A new technique developed by researchers in Europe has been shown to significantly improve IVF success rates in the UK. However, can this same technique be applied in the US?
According to the study, which was published last week in the PLoS ONE journal, by using a new closed-incubator system in which embryos are handled in the in vitro fertilization process, IVF success rates were improved by up to 27%.
“By offering protection against external influences such as chemical pollutants, and protection from temperature and pH fluctuations, the [new] system facilitates consistent and reproducible outcomes in assisted conception treatments,” wrote the authors of the study in their report.
Normally, during and IVF procedure, between the time when embryos are created and transferred into the uterus, they are monitored in a laboratory setting. This monitoring process requires periodic removal from the incubators, and therefore exposure to the outside environment.
“Having a well-controlled environment in in vitro fertilization is very important for success,” explained Dr. Robert Stillman, medical director of Shady Grove Fertility Center, to TIME.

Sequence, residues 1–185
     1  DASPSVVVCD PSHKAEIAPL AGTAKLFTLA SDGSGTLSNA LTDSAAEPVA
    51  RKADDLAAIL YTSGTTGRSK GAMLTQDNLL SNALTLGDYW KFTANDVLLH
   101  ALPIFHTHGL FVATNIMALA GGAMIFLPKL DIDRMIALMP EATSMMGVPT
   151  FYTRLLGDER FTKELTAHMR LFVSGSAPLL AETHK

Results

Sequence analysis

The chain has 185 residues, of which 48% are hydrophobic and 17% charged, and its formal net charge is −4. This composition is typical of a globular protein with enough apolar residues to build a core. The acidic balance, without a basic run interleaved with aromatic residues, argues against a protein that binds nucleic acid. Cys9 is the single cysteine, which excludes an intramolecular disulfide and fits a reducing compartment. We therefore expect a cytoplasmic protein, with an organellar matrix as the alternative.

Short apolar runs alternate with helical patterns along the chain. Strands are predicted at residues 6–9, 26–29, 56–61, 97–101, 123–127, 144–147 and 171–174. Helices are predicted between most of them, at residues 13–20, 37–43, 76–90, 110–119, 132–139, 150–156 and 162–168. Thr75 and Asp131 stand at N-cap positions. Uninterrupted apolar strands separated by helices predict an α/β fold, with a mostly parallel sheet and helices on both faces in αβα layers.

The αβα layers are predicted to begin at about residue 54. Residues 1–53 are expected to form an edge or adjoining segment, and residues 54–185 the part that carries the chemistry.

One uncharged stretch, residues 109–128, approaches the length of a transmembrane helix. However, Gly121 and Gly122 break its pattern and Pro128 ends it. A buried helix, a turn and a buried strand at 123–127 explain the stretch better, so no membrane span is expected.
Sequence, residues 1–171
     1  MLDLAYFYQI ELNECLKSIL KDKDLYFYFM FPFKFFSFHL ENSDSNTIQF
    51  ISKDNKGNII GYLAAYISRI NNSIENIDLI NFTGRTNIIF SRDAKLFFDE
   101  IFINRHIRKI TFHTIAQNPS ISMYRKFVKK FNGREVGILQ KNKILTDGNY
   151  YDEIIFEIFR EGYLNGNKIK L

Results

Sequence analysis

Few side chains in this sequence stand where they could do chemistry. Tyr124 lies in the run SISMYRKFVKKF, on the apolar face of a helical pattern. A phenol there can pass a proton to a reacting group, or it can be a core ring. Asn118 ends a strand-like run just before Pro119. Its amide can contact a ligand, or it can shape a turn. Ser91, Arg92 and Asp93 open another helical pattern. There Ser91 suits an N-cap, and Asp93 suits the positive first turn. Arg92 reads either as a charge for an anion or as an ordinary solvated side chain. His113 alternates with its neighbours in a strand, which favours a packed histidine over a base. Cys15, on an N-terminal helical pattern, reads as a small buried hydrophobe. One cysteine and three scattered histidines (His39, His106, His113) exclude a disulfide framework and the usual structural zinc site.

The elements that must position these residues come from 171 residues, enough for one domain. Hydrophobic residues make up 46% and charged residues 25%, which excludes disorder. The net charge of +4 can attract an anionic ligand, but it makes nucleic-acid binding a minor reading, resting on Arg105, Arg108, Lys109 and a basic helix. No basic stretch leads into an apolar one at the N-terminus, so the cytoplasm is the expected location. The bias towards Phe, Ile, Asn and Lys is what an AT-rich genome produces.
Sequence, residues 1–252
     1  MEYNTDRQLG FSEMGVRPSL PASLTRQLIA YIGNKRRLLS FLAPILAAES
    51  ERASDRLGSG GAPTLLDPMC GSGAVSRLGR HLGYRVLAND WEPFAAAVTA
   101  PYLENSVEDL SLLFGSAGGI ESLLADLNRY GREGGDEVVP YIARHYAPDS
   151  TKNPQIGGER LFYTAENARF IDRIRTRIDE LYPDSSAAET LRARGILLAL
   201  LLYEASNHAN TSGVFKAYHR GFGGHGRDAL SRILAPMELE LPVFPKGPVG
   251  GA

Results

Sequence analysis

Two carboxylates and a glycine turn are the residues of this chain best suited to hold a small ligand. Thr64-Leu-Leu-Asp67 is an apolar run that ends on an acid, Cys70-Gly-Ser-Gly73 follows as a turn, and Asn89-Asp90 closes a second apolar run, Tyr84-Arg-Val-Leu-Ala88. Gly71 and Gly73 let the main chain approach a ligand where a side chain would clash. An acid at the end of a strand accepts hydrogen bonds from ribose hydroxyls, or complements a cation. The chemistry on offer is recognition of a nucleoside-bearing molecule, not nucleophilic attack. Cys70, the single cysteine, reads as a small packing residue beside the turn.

Can IVF Success Rates Be Improved in the US?
However, IVF success rates in the US are already generally quite a bit better than those in the UK. In Europe, due to healthcare restrictions and the widespread implementation of single embryo transfer policies, IVF success rates have been stuck in the low-30% for many years.
“The most recent European data show clinical IVF pregnancy rate per cycle of 32.5%,” said the Center for Human Reproduction in statement last month. “Conservatively assuming a miscarriage rate of 15%, this would translate into delivery rates of 26.6%. During the same time period, the US delivery rate was 40.7%.”
Similar advanced embryo incubator techniques, including the use of micro-environments and controlled video systems are already being employed in the US and therefore contribute to already significantly better IVF success rates.
“[These researchers] have the right idea,” concluded Dr. Stillman to TIME. “If you control the environment, you often get improvements in outcomes with IVF. But would we be able to increase our success rates by 27%? I think [the US is] already toward the max.”